Sunday, April 1, 2012

Can we call the Buddha Sid?

One of the key features of a secular understanding of Buddhism is the viewing of the Buddha as a human being rather than as a supernatural being. It's seen as one of the 'three refuges'....that a human being achieved awakening which serves as an encouragement to the rest of us mere mortals that we too can do this.

In the first blog post on this site (Secular Buddhism: Does a Label Help or Hinder?) I attempted to explore the pros and cons of adopting the label 'Secular Buddhism'. One of the down-sides is the propensity to start locking down one's view as belonging to the 'secular' camp and possibly missing out on helpful things from other 'camps'. One antidote, I suggest is to use whatever means are available to continue encouraging open questioning. In this spirit I'd like to hear views on the pros and cons of continuing to call Siddhattha Gotama 'The Buddha' rather than Siddhattha or even Sid for short.

As I write this post I feel some anxiety which is the result of an expectation that this question will be seen as heretical by some and that it might spark some flames of objection that could come my way. I've actually been 'blow-torched' for questioning things in other realms of my life lately so the anxiety is even higher than normal. However despite the pain that sometimes comes along with it, the freedom to question is one of the few things that feel sacred to me, so despite the flammability of the question, I'm putting it out there.

My current thinking on it (subject to change with the considered views I hope are shared in reply to this post) is that, as with all things, there are advantages and disadvantages. I'll have a go at starting the list:


  1. It reinforces the view of Siddhattha as human and therefore the view of awakening as a real, attainable possibility for us.

  2. It helps keep us away from the slippery slope of pedestals, deifications and the religifying of the dharma.

  3. It prompts us to look at any attachment we might have to Sid being on said pedestal - we can ask 'what is that?' (as the Zennies would say) and does/how does it help?

  4. It keeps us focused on the fact that dharma practice is about getting to the other side of the river, not building a shrine to the raft.

  5. It helps prevent the adherence to the teachings just because they came from Siddhattha rather than subjecting them to the rigour of our own life testing.

  6. It helps us relate to the persona of Sid as a wise friend rather than an authority figure - those of us with a secular orientation are more likely to be influenced by the former.

  7. (For Australians) it's in keeping with Australian culture of nick-naming everything that we feel affection for and/or anticipate will have any kind of longevity in our lives.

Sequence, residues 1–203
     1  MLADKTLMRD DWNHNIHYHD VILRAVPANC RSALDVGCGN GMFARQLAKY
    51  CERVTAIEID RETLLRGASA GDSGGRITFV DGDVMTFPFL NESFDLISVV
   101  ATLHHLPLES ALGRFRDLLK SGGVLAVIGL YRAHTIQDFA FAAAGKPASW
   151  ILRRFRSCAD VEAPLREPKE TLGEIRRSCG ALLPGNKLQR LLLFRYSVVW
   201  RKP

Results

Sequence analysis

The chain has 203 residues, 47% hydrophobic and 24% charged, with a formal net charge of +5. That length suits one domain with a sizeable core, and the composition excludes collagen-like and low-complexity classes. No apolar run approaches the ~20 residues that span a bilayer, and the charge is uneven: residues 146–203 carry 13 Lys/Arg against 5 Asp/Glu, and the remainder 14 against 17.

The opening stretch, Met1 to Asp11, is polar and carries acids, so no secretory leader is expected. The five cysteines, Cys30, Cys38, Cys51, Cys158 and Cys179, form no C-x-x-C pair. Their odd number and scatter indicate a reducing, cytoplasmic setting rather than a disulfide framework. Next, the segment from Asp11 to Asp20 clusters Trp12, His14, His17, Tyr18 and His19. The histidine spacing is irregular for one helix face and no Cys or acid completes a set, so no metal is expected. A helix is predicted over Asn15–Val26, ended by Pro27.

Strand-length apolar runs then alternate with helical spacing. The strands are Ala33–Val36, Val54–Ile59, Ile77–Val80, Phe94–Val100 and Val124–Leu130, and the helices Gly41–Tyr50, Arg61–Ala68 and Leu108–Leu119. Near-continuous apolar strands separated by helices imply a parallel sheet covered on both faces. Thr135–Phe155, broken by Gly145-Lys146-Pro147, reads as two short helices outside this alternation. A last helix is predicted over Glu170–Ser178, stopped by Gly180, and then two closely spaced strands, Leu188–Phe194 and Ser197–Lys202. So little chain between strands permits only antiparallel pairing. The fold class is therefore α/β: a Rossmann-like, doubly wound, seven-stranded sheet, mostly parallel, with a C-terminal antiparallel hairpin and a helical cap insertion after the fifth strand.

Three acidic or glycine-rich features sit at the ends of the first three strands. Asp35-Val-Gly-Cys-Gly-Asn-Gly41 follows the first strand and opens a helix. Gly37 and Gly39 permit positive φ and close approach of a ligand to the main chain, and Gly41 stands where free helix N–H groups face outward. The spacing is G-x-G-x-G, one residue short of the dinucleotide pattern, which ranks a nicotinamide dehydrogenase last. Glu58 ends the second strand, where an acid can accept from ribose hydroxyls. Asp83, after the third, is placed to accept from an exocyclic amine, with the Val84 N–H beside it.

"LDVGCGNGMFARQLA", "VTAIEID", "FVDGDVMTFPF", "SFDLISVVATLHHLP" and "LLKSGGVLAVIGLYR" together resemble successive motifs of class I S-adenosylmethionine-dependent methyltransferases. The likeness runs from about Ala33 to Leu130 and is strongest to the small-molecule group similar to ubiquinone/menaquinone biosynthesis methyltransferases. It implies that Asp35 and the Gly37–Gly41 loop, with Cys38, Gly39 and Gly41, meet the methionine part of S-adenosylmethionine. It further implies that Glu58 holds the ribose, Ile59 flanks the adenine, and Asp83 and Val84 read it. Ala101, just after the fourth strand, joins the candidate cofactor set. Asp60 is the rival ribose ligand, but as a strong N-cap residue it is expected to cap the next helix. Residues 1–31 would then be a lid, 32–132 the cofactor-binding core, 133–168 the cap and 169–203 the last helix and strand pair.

8. (Also especially for Australians) it helps circumvent mistrust of authority figures.

  9. It's a symbolic reminder of the fundamental shifts that come along with Secular Buddhism.


  1. The fact that the Buddha has an honorific title might encourage newcomers to test the teachings out more fully than they otherwise might if he was seen as just another self help guru.

  2. When speaking with the general population it's clearer who we're talking about.

  3. We are less likely to upset those of a more traditional Buddhist orientation

  4. It's easier to avoid 'us and them' identification between the secular and traditional approaches.

Believe it or not, I've tried very hard to be balanced about this. Any omissions in this list are due to the limitations of my own personal experience rather than an attempt to push an agenda. Based on the list above and my own view of the world, the advantages of 'Sid/dhattha outweigh the advantages of 'The Buddha' but I genuinely invite and look forward to hearing others' views.


  1. I agree that whatever helps us see Gotama as a human being like we are helps us understand that awakening is something within our grasp. I just want to mention that the name Siddhattha doesn't appear in the Nikayas and may have been originated after Gotama's death.

  2. Hi First may I suggest some rules be applied re posts, in the spirit of reasoned discussion no flaming, no attacking the person, no trolling; the usual stuff.

    Sid, a name I may use with friends in discussion in much the same way I use JC for Jesus Christ, or Betty for Queen Elizabeth but not one I, and this is merely my opinion, would use as a standard on the forum. I would use Siddhartha which is a human name and avoids the deification problem which may come from the term The Buddha. I do think the Buddha is deserving of respect and perhaps there is also a recognition of culture issue, or perhaps it is my age.